This new map of Earth will change the way you see the world and it is accurate
Can you accurately represent a round world on a flat map? This problem has inundated mapmakers for centuries. Designed almost 450 years ago, the most common world map used today is highly distorted.
A Tokyo-based artist and architect Hajime Narukawa has created a new map named the AuthaGraphic map, which is not only scientifically accurate but also visually appealing. The well received map has just won Japan’s prestigious Good Design Award for precisely representing the relative sizes of landmasses and bodies of water on Earth. The map is so uniformly accurate including the often neglected Antarctica that you can fold it up into a three-dimensional globe.
The Mercator map – the traditional world map – is considered highly inaccurate due to huge distortions in the size of Antarctica and Greenland – caused by trying to flatten a spherical globe.
To create the perfectly proportioned map, Narukawa divided the spherical globe into 96 triangles that are flattened and transferred to a tetrahedron. This allows the world map to be “unfolded” into a rectangle while still preserving the proportions of countries.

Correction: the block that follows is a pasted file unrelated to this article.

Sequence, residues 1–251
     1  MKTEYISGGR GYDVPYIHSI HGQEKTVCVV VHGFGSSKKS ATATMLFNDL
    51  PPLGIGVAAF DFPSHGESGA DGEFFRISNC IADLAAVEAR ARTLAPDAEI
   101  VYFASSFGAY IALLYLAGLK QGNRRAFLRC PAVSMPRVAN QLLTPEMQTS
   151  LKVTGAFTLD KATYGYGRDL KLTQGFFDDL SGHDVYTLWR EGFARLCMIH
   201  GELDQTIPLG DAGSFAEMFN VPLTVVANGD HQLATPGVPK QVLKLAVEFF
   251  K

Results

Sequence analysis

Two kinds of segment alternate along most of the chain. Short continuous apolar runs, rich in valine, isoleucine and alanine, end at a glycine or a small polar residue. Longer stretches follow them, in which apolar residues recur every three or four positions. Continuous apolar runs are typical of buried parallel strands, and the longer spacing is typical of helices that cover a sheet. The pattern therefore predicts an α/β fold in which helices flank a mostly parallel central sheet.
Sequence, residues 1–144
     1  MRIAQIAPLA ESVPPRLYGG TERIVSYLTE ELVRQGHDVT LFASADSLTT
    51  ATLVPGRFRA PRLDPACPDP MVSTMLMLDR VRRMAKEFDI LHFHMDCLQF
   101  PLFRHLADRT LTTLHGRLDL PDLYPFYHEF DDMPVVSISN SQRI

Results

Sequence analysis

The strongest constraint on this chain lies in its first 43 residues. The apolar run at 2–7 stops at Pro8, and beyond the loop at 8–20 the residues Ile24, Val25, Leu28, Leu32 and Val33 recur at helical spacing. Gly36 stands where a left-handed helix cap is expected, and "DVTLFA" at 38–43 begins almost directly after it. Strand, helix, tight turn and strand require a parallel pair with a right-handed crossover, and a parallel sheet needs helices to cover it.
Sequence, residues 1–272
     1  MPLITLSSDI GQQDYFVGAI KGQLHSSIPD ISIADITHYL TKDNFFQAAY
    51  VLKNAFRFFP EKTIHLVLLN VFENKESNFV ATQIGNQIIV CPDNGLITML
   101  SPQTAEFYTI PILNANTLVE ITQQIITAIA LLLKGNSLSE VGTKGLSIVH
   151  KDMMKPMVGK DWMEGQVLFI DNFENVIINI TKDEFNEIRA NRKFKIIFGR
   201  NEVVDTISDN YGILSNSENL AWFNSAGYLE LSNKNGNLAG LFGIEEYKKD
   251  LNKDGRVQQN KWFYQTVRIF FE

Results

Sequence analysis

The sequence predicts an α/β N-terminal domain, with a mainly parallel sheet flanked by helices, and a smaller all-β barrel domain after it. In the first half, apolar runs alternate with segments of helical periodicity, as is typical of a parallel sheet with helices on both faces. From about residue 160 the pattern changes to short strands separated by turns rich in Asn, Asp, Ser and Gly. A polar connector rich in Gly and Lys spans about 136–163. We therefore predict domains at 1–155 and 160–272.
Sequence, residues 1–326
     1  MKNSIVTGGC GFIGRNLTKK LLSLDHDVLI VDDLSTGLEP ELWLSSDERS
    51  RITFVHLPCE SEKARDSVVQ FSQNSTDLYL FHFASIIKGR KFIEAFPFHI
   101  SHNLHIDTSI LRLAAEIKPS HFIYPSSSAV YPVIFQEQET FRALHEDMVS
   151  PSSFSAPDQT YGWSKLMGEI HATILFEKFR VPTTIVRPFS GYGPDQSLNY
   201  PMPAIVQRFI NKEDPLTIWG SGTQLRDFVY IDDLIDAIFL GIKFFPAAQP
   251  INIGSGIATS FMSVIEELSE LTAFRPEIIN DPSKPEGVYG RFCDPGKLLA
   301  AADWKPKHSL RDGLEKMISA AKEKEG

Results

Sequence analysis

“This original mapping method can transfer a spherical surface to a rectangular surface such as a map of the world while maintaining correctly proportions in areas,” reads the Good Design Award description. “AuthaGraph faithfully represents all oceans, continents including the neglected Antarctica. These fit within a rectangular frame with no interruptions. The map can be tessellated without visible seams. Thus the AuthaGraphic world map provides an advanced precise perspective of our planet.”
However, Narukawa’s map does have one obvious limitation: His map “doesn’t align to the cardinal directions” – that’s north, east, south and west to the rest of us, according to Popular Mechanics.
As a result, one version of Narukawa’s AuthaGraph World Map shows Antarctica below South America, and far to the right of New Zealand.
That could be at least partly rectified by selecting a different frame of the map, which would show Antarctica to south of Aotearoa.
“The map [needs] a further step to increase a number of subdivision for improving its accuracy to be officially called an area-equal map,” the Good Design Award description reads.
You can find out more by purchasing Narukawa’s cartography here.
Source: Popular Mechanics